New gold assay revolution

NEW South Australian company Chrysos Corporation has brought to the market x-ray technology which it believes will revolutionise the centuries-old method for detecting and analysing unseen gold.

  • Staff Reporter
  • 25 May 2018
  • 04:51
  • News
New gold assay revolution

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Developed by Australia's national science agency, the Commonwealth Scientific and Industrial Research Organisation (CSIRO) over 15 years and now being sold by Adelaide-based Chrysos, the organisations say photon gold analyses is a faster, safer and more environmentally friendly alternative to the conventional fire assays.
 
"Fully automated, it dramatically reduces the turnaround time on assays from days to minutes, providing critical data to miners on gold grades in near real-time to support operational decisions," Chrysos said.
 
After recognising the technology's potential, CSIRO research program director Nick Cutmore said the research organisation partnered with investors to create new Australian company Chrysos Corporation in late 2016 to bring it to market.
 
First to adopt the new technology was international mining services company Ausdrill. The first photon assay system is now operational at Ausdrill's MinAnalytical facility in Perth, with two more systems to be established in the Kalgoorlie goldfields in the coming months. Ausdrill has longer term plans to take the innovation to Africa.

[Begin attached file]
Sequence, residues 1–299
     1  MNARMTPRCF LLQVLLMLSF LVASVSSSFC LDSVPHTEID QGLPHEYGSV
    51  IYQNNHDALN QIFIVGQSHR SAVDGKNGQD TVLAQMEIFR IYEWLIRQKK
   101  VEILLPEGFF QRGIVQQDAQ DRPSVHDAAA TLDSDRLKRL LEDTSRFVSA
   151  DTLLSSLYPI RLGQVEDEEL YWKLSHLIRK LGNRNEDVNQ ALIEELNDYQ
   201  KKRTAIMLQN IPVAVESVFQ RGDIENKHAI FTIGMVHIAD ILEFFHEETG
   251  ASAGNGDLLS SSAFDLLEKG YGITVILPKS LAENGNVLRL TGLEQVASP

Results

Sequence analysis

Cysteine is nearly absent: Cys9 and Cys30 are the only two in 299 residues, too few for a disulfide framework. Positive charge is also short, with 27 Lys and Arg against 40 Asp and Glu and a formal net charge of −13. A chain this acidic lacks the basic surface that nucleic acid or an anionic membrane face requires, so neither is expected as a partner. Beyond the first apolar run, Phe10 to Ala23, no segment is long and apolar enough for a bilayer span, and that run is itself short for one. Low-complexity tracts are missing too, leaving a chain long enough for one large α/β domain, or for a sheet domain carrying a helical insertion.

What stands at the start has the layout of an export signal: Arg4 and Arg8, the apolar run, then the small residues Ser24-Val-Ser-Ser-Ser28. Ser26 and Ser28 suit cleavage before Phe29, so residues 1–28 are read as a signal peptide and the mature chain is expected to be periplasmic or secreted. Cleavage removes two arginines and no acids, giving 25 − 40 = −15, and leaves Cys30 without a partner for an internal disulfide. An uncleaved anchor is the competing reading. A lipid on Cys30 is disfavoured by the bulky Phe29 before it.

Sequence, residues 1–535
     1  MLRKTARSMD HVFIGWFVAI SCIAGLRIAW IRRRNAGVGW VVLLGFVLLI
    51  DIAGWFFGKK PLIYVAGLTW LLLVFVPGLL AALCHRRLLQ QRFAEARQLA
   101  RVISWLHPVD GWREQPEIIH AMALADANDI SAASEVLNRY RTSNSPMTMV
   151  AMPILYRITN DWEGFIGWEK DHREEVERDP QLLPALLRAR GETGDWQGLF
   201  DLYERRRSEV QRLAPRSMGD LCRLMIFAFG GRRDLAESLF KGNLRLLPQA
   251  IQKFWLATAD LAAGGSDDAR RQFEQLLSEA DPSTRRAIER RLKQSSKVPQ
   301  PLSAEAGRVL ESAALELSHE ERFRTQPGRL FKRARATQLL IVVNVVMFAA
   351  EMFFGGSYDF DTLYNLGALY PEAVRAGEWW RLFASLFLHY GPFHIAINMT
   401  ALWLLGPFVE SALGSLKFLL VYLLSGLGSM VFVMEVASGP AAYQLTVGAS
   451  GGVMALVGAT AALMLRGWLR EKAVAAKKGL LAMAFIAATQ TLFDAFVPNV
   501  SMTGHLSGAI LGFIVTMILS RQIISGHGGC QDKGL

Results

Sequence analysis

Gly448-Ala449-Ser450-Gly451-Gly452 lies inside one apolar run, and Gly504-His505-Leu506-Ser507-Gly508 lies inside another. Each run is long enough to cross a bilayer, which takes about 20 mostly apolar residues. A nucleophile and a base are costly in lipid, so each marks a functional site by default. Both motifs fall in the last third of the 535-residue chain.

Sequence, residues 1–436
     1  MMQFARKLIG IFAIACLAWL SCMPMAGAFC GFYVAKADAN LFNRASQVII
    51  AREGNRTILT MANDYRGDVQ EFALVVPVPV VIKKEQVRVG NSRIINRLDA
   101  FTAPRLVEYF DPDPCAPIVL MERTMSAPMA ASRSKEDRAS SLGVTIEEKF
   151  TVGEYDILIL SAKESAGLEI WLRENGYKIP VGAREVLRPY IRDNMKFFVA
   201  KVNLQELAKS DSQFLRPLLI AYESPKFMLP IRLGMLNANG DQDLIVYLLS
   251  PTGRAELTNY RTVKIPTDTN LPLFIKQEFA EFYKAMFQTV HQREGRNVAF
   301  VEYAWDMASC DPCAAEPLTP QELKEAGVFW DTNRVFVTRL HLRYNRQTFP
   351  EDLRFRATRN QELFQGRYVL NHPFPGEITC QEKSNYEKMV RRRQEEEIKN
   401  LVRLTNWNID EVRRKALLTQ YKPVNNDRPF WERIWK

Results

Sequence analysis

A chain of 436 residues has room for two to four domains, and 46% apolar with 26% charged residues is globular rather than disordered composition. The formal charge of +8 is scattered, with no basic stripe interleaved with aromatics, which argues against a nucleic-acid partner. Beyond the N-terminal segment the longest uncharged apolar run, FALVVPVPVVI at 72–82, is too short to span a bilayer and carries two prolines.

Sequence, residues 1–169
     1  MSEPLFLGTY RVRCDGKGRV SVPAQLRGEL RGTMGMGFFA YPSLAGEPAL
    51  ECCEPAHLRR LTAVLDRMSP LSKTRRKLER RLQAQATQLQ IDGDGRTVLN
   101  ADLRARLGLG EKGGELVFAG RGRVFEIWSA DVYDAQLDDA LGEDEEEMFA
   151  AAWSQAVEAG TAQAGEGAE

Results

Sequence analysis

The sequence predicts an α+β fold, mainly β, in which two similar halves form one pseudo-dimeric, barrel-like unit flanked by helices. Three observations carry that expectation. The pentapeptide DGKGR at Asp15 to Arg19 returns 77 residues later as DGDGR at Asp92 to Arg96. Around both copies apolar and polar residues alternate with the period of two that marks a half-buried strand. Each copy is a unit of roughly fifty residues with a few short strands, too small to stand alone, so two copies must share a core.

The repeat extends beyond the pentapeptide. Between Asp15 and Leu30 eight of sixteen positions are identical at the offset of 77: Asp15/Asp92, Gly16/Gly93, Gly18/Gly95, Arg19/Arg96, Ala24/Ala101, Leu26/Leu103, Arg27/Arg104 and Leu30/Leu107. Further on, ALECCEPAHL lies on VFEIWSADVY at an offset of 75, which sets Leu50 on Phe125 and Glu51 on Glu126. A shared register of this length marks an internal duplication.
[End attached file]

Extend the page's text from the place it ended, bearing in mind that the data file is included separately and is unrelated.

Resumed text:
Chrysos CEO Dirk Treasure said that the company had a rapid growth plan and were well placed to disrupt the global gold analysis services market, offering near-real time, accurate analysis for the first time.
 
"With the first system now up and running at Ausdrill, we have successfully progressed the photon assay technology from concept through to a deployed product in just 16 months," Treasure said.
 
"Our lease model has been well received by the industry, with photon assay technology benefits being delivered without any increase in operating or capital costs."
 
The photon assay system will analyse at least 50,000 gold samples a month, at a similar cost to conventional methods. It can be applied to a range of other minerals, including silver and copper.
 
Overnight, the gold price was fixed at $1302.67
 
The WTI crude oil price was slightly down overnight at $70.70 per barrel.
 
In softer commodities, cocoa decreased $15 per tonne or 0.57% to $2603/t yesterday from the $2618 in the previous trading session, tradingeconomics.com reported. Historically, cocoa reached an all-time high of $4361.58/t in July of 1977 and a record low of $211/t in July of 1965.
 
Coffee increased 1.20c per pound or 1.01% to 120.55c/lb yesterday from 119.35c/lb in the previous trading session, tradingeconomics.com reported. Historically, coffee reached an all-time high of 339.86c/lb in April of 1977 and a record low of 42.50c/lb in October of 2001.

 

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